Are you considering EV ownership? Or would you like to help develop understanding in relation to some of the barriers to EV uptake? If so, you might be able to help my PhD research.
Electric vehicle ownership is moving in the right direction. By the end of Q3 of 2019, the number of licensed EVs on London roads was its highest at 28,907. However, this still only accounts for one percent of privately owned vehicles. As transport accounts for roughly 25% of all greenhouse gas emissions a greater uptake of EVs would be advantageous.
Range anxiety, charging time and price have been identified as the biggest barriers to EV adoption. While range and charging time are being addressed, price may be a more complex factor than previously thought. Early studies indicate that price is a factor because EVs are typically more expensive than petrol or diesel vehicles, but the context of what is deemed to be expensive may need to be viewed through the lens of how people purchase their vehicles. For example, some people buy their cars in cash while others prefer payment plans.
Total cost of ownership studies tend to compare the costs of purchasing, operating and maintaining ICE and EVs in like-for-like parameters. This is a reasonable approach when the vehicles have been purchased in the same way but not suitable when they have not. The sticking point of cost and perceptions of affordability are likely to factor more with drivers who purchase their cars in cash as they will need to part with more cash than usual or take out a line of credit in order to drive an ultra low emission vehicle.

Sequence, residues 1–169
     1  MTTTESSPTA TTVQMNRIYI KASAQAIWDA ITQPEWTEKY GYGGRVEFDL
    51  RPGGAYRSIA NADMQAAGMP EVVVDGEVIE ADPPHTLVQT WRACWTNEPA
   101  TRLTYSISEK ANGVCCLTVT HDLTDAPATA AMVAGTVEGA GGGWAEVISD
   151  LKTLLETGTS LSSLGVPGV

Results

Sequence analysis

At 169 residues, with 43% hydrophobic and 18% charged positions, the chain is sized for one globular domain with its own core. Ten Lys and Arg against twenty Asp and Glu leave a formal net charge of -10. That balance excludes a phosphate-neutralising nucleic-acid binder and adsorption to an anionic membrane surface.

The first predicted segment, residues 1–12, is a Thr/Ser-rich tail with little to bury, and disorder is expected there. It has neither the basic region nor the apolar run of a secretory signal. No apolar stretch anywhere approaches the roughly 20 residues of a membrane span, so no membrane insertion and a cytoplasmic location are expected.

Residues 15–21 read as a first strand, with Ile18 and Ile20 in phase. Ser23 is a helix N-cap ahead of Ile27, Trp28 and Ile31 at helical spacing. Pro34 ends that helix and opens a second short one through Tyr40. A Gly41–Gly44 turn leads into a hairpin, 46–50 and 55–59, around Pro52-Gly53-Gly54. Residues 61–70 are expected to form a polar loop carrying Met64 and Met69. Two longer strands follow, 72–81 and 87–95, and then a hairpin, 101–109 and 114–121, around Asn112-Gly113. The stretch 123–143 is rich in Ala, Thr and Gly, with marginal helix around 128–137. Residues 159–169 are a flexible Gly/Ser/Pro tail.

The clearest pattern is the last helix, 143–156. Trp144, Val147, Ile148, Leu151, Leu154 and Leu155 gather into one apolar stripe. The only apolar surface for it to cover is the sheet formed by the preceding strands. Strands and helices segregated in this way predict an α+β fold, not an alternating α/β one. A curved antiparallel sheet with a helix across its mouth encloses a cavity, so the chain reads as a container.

According to thisismoney.co.uk, around 26% of used cars purchased in 2018 were purchased on finance. Used car purchases make up 75% percent of car sales, therefore, if this segment of drivers were to choose an electric vehicle as their next purchase there would be a meaningful increase in the number of EVs in the UK.
What shapes a person’s preference for cash over finance and vice versa? Could a person’s attitude to money and finance come from the environment in which they grew up? If yes, could these attitudes be attributed to a person’s culture? More importantly, if there is a strong aversion to finance within certain segments of society, could this be a potential hindrance to increasing EV adoption in London?
There are some reasonable assumptions that could be made about a person’s attitude to money and finance based on their age and socio-economic status, but my research seeks to understand if there are cultural proxies that might be responsible for the way a person views money and finance.
If you are based in London and drive a petrol, diesel or hybrid vehicle and have a few minutes to spare it would be great if you could fill out my survey: https://sj.onlinesurveys.ac.uk/ev-adoption-survey